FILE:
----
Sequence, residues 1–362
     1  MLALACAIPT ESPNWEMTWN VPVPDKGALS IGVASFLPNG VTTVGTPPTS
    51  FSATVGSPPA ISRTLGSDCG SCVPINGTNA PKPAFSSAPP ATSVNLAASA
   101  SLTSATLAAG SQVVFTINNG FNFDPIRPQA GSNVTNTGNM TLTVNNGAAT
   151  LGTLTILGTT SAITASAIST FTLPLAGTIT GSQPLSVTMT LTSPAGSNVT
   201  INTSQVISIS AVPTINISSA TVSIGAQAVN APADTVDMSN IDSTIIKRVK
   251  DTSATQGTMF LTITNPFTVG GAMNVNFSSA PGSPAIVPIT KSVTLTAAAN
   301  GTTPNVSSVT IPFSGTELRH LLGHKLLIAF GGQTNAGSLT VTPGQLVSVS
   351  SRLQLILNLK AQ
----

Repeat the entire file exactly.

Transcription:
Sequence, residues 1–362
     1  MLALACAIPT ESPNWEMTWN VPVPDKGALS IGVASFLPNG VTTVGTPPTS
    51  FSATVGSPPA ISRTLGSDCG SCVPINGTNA PKPAFSSAPP ATSVNLAASA
   101  SLTSATLAAG SQVVFTINNG FNFDPIRPQA GSNVTNTGNM TLTVNNGAAT
   151  LGTLTILGTT SAITASAIST FTLPLAGTIT GSQPLSVTMT LTSPAGSNVT
   201  INTSQVISIS AVPTINISSA TVSIGAQAVN APADTVDMSN IDSTIIKRVK
   251  DTSATQGTMF LTITNPFTVG GAMNVNFSSA PGSPAIVPIT KSVTLTAAAN
   301  GTTPNVSSVT IPFSGTELRH LLGHKLLIAF GGQTNAGSLT VTPGQLVSVS
   351  SRLQLILNLK AQ